Fuzzy Zoeller apologized, too. But apologies aren’t panaceas; they don’t cure everything. They simply attempt to clean a stain, which is often permanent.
When I think of Zoeller, a two-time major champion, I think of what he said after Tiger Woods dominated The Masters in 1997.
“You pat him on the back and say congratulations and enjoy it and tell him not to serve fried chicken next year. Got it? Or collard greens or whatever the hell they serve.”
It still sounds just as bad as it did 17 years ago.
And 17 years from now, what Greek track star Voula Papachristou tweeted in July 2012 will be just bad.
“With so many Africans in Greece… the West Nile mosquitoes will at least eat homemade food!!!”
The Greek Olympic Committee prohibited her from competing in the London Games because her comments were against the Olympic spirit.
Not to mention the human spirit..
Olympic sprinter Michael Johnson credited slavery, in part, for helping him win four Olympic gold medals and eight World Championships.
“All my life I believed I became an athlete through my own determination, but it’s impossible to think that being descended from slaves hasn’t left an imprint through the generations,” he said in 2012. “Difficult as it was to hear, slavery has benefited descendants like me – I believe there is a superior athletic gene in us.”
Is that offensive? What if a Caucasian said slavery benefitted blacks? He would be…oh wait.
“The black is a better athlete to begin with because he’s been bred to be that way – because of his high thighs and big thighs that goes up into his back, and they can jump higher and run faster because of their bigger thighs. This goes back all the way to the Civil War when during the slave trading, the owner – the slave owner would breed his big black to his big woman so that he could have a big black kid.”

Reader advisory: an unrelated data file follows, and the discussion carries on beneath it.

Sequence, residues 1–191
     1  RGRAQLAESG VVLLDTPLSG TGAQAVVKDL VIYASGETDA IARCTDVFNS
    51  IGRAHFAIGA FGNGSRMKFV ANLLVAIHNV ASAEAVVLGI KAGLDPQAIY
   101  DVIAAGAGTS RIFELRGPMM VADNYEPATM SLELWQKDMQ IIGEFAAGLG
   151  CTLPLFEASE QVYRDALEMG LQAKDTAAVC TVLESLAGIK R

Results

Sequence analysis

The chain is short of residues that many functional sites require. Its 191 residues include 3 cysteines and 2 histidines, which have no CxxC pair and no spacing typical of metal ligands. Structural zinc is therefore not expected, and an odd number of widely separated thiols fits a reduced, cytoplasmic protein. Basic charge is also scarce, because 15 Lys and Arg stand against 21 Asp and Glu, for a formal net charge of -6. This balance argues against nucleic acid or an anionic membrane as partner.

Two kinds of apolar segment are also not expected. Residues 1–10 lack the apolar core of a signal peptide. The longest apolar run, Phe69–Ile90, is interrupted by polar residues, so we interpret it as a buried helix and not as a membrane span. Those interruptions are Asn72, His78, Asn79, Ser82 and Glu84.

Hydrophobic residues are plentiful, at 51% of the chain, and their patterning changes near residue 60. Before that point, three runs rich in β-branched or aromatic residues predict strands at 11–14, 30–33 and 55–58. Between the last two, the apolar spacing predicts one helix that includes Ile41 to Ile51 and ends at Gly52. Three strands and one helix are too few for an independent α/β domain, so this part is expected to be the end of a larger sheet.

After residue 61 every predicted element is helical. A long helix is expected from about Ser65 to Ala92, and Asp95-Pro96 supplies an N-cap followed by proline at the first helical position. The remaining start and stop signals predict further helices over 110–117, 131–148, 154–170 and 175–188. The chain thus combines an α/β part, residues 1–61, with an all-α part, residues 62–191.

Who said that on NFL Today on Jan. 16, 1988?
Jimmy “the Greek” Snyder.
He was fired by CBS.
But John Rocker didn’t lose his job – just a 14-day suspension and a $500 fine for his derogatory comments about homosexuals, minorities and foreigners in Sports Illustrated in December 1999.
“I would retire first [before playing for a New York team]. It’s the most hectic, nerve-racking city. Imagine having to take the [Number] 7 train to the ballpark, looking like you’re [riding through] Beirut next to some kid with purple hair next to some queer with AIDS right next to some dude who just got out of jail for the fourth time right next to some 20-year-old mom with four kids. It’s depressing.”
“The biggest thing I don’t like about New York are the foreigners. I’m not a very big fan of foreigners. You can walk an entire block in Times Square and not hear anybody speaking English. Asians and Koreans and Vietnamese and Indians and Russians and Spanish people and everything up there. How the hell did they get in this country?”
The question I have is: How is Rocker still in this country?
It remains to be seen if Sterling will continue to own the Clippers, who have evolved into a cause just as much as a team. But if Sterling wants – or is forced out – of the NBA, I have someone he can call: Don “Moose” Lewis.
In January 2010, Lewis announced he wanted to start the All-American Basketball Alliance, a 12-team league consisting only of Caucasian players because Lewis claimed he didn’t “hate anyone of color. But people of white, American-born citizens are in the minority now. Here’s a league for white players to play fundamental basketball, which they like.”
Sterling would feel right at home.
Just as long as players don’t bring African Americans to games.